January 5, 2011

The 2010 Congressional Reapportionment and Latinos

I. Overview

Hispanic voters are nearly three times more prevalent in states that gained congressional seats and Electoral College votes in the 2010 reapportionment than they are in states that lost seats, according to an analysis of Census data by the Pew Hispanic Center, a project of the Pew Research Center. Based on averages reflecting congressional gains and losses, 15.2% of the eligible voter1 population in states that gained seats is Hispanic, compared with just 5.4% of eligible voters in those states that lost seats.

With these reapportionment changes, Latinos likely will play a larger role in national politics in the coming decade. Two states that gained seats, Florida and Nevada, have been key swing battlegrounds in recent presidential elections (having voted for the Republican nominee in 2004 and the Democrat in 2008). In both states, Latinos are a growing share of eligible voters.

According to the Census Bureau, there were 308 million people residing in the U.S. in 2010, up 9% from 2000 (Census Bureau, 2010). Overall, based on 2009 population estimates, Hispanics accounted for more than half (51%) of that growth.2 However, because many Latinos are either too young to vote or are not U.S. citizens, not all of their population growth translates into immediate electoral strength. Among the nation’s 48.4 million Hispanics in 2009, a record 20.1 million are eligible to vote. Yet an even greater number are not eligible to vote. Some 15.5 million3 Hispanics are U.S. citizens 17 years of age or younger and 12.8 million of all ages are not U.S. citizens.4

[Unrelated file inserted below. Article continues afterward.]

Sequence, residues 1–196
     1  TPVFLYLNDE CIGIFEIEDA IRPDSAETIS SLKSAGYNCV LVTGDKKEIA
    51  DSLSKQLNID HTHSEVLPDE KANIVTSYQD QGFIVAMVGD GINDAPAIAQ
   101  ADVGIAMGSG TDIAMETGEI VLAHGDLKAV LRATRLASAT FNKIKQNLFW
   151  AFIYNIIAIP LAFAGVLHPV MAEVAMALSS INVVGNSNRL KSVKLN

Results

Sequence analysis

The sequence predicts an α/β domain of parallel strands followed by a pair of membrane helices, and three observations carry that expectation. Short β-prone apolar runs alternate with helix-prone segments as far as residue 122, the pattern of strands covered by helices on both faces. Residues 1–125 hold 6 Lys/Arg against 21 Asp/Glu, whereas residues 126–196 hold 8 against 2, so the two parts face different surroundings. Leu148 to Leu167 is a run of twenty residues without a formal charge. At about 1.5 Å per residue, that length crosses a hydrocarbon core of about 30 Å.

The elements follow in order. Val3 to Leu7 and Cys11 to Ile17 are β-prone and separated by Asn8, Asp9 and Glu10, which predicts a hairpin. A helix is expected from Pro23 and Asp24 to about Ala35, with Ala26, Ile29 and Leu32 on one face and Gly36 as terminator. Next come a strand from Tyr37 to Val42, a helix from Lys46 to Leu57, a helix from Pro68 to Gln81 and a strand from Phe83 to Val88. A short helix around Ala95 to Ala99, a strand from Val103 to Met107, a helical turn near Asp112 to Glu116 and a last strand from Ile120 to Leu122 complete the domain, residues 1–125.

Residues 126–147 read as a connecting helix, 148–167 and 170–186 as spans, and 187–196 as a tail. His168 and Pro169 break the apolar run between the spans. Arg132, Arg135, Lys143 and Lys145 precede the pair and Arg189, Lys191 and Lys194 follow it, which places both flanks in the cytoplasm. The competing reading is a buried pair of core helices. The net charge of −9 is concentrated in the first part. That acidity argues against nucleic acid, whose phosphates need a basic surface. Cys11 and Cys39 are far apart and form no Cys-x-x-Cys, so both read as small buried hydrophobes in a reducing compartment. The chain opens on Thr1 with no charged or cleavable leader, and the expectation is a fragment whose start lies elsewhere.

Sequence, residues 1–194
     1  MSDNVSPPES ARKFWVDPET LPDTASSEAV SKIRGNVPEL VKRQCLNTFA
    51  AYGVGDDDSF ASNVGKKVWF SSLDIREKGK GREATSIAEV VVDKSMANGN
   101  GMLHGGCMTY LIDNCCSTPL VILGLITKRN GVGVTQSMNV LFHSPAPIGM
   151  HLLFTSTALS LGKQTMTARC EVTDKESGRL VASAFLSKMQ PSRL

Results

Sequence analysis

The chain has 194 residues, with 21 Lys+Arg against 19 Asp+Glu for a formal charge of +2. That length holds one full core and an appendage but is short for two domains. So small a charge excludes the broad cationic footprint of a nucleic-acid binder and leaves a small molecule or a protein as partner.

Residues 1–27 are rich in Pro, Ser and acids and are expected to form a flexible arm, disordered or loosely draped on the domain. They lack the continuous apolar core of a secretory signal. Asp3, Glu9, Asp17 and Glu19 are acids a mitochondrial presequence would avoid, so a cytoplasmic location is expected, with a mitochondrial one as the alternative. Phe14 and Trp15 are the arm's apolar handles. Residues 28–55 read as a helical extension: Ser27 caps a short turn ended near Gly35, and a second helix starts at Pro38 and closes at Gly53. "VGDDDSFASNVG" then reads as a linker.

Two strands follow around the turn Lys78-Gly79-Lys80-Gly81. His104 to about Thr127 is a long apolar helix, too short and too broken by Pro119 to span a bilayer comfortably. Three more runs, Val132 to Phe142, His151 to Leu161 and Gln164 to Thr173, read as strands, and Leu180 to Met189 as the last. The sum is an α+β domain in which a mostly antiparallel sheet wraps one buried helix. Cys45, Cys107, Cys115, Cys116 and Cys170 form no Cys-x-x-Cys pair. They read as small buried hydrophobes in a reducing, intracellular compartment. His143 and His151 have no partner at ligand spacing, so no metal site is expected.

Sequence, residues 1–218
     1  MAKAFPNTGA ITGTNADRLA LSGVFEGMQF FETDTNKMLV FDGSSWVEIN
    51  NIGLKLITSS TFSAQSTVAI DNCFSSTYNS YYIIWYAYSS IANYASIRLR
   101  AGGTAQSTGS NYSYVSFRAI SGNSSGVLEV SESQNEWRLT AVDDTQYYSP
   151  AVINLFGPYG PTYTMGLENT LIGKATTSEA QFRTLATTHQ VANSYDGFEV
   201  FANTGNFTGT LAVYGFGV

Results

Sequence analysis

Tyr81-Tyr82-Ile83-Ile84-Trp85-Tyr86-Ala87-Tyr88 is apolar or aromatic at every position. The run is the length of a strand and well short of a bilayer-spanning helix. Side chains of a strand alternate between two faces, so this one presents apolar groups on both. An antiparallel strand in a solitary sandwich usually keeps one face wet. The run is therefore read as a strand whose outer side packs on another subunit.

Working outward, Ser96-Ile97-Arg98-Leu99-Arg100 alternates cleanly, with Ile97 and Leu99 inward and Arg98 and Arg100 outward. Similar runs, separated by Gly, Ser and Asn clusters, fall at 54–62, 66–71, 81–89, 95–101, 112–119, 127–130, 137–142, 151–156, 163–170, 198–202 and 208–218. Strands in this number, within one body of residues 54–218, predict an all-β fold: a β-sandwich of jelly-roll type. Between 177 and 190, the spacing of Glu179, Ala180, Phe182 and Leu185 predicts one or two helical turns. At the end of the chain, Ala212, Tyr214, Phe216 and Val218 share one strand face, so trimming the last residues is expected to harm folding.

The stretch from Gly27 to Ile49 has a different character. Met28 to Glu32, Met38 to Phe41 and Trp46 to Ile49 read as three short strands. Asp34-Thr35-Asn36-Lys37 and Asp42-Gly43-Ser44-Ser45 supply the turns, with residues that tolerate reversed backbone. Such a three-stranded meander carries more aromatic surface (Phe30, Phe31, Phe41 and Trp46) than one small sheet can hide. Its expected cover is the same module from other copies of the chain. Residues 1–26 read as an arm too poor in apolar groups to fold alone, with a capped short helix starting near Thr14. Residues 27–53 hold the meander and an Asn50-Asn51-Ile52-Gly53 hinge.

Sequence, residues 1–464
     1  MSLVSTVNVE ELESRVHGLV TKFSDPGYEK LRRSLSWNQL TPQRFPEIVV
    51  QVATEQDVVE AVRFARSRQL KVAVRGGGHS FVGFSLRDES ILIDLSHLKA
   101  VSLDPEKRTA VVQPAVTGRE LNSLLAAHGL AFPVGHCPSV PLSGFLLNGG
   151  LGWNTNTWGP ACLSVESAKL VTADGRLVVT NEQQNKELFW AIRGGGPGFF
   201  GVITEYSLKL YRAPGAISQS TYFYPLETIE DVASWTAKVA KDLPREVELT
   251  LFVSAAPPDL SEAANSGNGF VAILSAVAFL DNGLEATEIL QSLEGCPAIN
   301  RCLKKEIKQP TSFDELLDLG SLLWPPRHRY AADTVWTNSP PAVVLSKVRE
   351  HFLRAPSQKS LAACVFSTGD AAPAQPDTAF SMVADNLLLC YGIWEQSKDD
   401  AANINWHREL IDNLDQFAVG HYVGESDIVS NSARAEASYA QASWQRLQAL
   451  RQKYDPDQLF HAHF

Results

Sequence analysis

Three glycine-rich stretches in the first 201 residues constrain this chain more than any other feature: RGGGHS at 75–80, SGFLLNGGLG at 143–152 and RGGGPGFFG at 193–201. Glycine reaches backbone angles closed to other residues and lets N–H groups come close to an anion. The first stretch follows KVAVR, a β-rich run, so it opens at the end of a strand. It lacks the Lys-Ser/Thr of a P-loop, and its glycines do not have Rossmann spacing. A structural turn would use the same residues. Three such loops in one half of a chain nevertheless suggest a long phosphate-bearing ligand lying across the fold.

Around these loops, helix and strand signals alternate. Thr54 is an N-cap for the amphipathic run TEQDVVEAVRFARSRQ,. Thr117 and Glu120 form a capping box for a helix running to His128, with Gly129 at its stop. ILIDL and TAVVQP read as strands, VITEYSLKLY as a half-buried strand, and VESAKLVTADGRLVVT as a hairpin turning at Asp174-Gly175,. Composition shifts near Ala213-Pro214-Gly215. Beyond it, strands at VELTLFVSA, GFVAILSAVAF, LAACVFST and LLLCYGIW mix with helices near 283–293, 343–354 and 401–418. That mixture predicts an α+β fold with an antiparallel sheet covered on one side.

Even so, the number of the Latinos eligible to vote continues to grow. Since 2000, nearly 6 million more Latinos have become eligible to vote. The bulk of this growth was attributable to the 5 million U.S. born Latino youths nationwide who turned 18 during this past decade. That translates into an additional half-million U.S. born Latinos coming of age each year—a pattern that is certain to persist, and grow, in the coming decades.

No matter what happens with immigration patterns in the future, the aging of the U.S. born Latino youth bulge ensures that the electoral strength of the nation’s largest minority group will continue to grow in the coming decades. And much of that growth will take place in states that have gained congressional seats and Electoral College votes.

  1. An eligible voter is 18 years of age or older and a U.S. citizen.
  2. Final 2010 Census population counts for the Hispanic population, and all other groups of Americans, will be released by the Census Bureau later this year.
  3. Among Hispanics who are U.S. citizens and 17 years of age or younger, some 15.3 million were born in the U.S.
  4. Sum may not total due to rounding.